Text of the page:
In my teens we had a club called The Festival Hole, in Joe's cellar. We would listen to John Hammond Junior, play nine card brag or Hearts (though we didn't call it that) and smoke John Player cigarettes in various varieties and large quantities. We didn't go to The [real] Festival Hall, but somehow must have been taken with the idea to have named our hideout after such a grand location.
And we didn't go to The Albert Hall either, but could just have easily have named our Hole after Albert - though I guess the Festival bit was important.
I did actually go to the Albert Hall twice. Once my parents took me to a Prom. Though all I can remember was that we sat somewhere near the organ. Another time I got my parents to take me to see Manitas de Plata (uncle of the Gipsy Kings) and I can remember a lot of strumming and stamping, and flashing teeth.
So it was time I went back.............
I reached Kensington Gore just after six, and the place was littered with people. A false start had me at the back of the queue for the Arena, but then I found where to go for the Gallery... a disjointed snake of people reading, chatting, enjoying the evening. A young steward gave me a raffle ticket (#483) and said I could come back in twenty minutes. The girl behind me was an aficionado of the gods, and reckoned she could always get in. An older man approached with a music manuscript under his arm, claiming that contrary to popular belief it was he who wrote Dvořák's New World Symphony, seventy years ago..... The girl behind me said he was always there.
We shuffle forward, reminded by the steward to keep our raffle ticket and to remain in order. The frieze across the dome of the hall reminds me that this has been going on pretty well since the Great Exhibition of 1851.
Eventually, I swap my number and a fiver for a real ticket and start for the stairs, pausing for a moment half way up to look back at the queue that still winds down the hill.
At the top, a little out of breath, I find myself in a huge gallery, strewn with people picnicking, chatting, reading, or checking their mobiles. The weird lighting reflected off the sound baffles creates an unusual, sci-fi sense of space, but this is real bubble of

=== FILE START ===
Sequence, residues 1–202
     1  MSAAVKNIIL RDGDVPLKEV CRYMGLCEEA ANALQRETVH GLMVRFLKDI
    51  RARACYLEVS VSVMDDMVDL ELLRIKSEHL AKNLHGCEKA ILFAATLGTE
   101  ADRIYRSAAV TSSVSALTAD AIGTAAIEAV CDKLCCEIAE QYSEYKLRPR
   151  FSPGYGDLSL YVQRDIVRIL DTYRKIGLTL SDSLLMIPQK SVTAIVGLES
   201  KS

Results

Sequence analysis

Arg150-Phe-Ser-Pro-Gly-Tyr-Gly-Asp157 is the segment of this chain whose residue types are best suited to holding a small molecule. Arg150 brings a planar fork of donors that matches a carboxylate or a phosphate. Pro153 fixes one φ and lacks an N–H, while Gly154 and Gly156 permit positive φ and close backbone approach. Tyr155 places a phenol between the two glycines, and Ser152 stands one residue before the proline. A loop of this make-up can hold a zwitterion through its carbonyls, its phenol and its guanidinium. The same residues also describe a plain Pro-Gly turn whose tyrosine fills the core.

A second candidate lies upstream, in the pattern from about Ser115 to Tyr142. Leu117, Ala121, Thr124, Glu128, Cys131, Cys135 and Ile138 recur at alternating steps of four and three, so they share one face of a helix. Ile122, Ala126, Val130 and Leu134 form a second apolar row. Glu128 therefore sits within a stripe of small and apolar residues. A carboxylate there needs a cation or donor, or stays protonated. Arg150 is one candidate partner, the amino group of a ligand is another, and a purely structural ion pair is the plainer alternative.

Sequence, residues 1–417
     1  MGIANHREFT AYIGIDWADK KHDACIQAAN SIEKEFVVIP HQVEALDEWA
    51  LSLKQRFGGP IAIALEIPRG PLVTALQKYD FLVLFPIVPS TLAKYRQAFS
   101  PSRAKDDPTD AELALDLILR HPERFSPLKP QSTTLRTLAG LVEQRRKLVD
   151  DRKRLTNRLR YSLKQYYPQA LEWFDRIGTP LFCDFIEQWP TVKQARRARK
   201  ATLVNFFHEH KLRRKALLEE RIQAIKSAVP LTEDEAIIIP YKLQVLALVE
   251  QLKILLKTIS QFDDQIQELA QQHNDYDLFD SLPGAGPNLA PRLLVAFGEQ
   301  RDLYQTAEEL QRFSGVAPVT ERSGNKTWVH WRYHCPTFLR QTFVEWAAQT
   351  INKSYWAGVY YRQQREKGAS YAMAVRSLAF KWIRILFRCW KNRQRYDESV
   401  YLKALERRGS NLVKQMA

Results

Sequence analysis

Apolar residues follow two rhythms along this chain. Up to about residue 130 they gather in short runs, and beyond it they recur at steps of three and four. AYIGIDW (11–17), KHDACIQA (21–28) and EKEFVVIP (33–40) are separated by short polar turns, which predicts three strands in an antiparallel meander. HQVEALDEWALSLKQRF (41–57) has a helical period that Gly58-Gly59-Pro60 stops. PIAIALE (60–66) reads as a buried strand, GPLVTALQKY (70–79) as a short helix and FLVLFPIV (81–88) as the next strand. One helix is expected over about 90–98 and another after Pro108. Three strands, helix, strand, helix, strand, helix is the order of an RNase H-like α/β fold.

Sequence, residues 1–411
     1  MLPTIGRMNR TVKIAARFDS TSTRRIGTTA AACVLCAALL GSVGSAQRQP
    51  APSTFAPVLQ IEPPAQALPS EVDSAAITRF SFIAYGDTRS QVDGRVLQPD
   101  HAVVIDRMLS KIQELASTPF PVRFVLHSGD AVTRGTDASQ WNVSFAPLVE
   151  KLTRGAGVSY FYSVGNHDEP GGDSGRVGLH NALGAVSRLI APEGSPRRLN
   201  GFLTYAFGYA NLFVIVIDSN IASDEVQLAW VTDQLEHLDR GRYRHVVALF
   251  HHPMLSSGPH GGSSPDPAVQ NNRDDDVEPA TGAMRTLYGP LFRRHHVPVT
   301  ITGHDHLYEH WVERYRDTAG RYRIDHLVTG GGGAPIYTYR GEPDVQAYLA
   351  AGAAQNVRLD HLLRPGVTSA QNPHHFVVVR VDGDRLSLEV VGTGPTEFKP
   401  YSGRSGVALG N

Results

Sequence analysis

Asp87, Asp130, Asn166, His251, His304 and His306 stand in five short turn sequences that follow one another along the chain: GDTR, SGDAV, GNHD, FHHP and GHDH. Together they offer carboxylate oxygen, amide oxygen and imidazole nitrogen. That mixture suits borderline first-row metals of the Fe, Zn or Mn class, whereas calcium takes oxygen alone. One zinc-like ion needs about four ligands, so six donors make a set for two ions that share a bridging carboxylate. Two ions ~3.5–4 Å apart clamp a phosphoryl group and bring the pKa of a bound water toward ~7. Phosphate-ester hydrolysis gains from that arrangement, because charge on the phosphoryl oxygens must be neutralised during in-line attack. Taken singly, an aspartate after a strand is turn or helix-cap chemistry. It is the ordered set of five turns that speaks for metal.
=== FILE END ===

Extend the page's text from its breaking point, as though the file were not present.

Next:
London life, a cosmopolitan mix of gentle
folk here to enjoy music and to take refuge, perhaps, from a busy life.
I am allowed to photograph, on the strict understanding that no pictures are taken once the conductor enters the stage. The promenade arena fills; those with more expensive tickets settle in and fill the rows of red plush seats. The orchestra files in, the lights dim, and then, as my camera is put away, eighty year old Sir Roger Norrington takes the podium, looking at this distance a little reminiscent of Mr Pastry.
He turns his back, waves his wand, and the magic begins. First Beethoven's 8th Symphony, full of jokes (apparently) which was written in 1812, mainly while he was staying in Bohemian spas. It is thought, by some, that the light hearted mood of the symphony derives from a passionate liaison the composer may have had with an unknown lady that year, though my preferred theory is that it is because he was hanging out with that other bundle of teutonic laughs, the poet Goethe at the time. But, hey, I am just an amateur.
Sir Roger turns his back on us and flaps his arms like a chicken, stirring the orchestra to flutter and squawk through the four movements, interrupted by smatterings of clapping, which in my book should be reserved for the end..... (but then I didn't vote Lib Dem). Anyway, Sir Roger smiles benignly, showing the confidence that comes from a
Westminster and Cambridge education, and then dives back in
to the Allegretto Scherzando, or
whips up the octave leaps in the finale,
which (I am told) adds to the humour.....
I note that the conductor's jerky semaphore seems ahead of the beat, but
realise that the sound take time to travel up to us, as we peer down into the
Then we have Berlioz, with Romeo Alone. I sit and watch the young go by, visualising Romeo wandering the
. The instruments filter up to the gallery,
only slightly affected by Paganini's 20,000 franc commission, but more
evocative of Harriet Smithson who led Hector something of a difficult dance. Capulet
In the interval I finally risk the rustle of cellophane and enjoy the roll I brought, and explore the public spaces on the floor below. I am struck by the relaxed and courteous atmosphere. No one jostles. No one flaunts their finery. With no disrespect, this is no
And then Sir Roger returns to take us to
arrival in New York
in September 1892. It's a piece I am a
little familiar with; it was one of the first LPs my brother acquired, and the
melodies have stayed with me, occasionally resurfacing at times of surprise at
landscape. Now the large orchestra
swells the sound (without vibrato!) and the slow opening reaches back to his
childhood in mid-nineteenth century Bohemia
while the Scherzo looks forward to the excitement and expectation of the
opportunities of the twentieth century.
(Or perhaps not?)
Outside the moon is rising. I have a heart full of music. Across the road a lonely figure broods in golden splendour. It's strange how Albert and his hall take me back to my teens, and our dissolute hours in The Festival Hole. Music is part of our lives. The Beet goes on.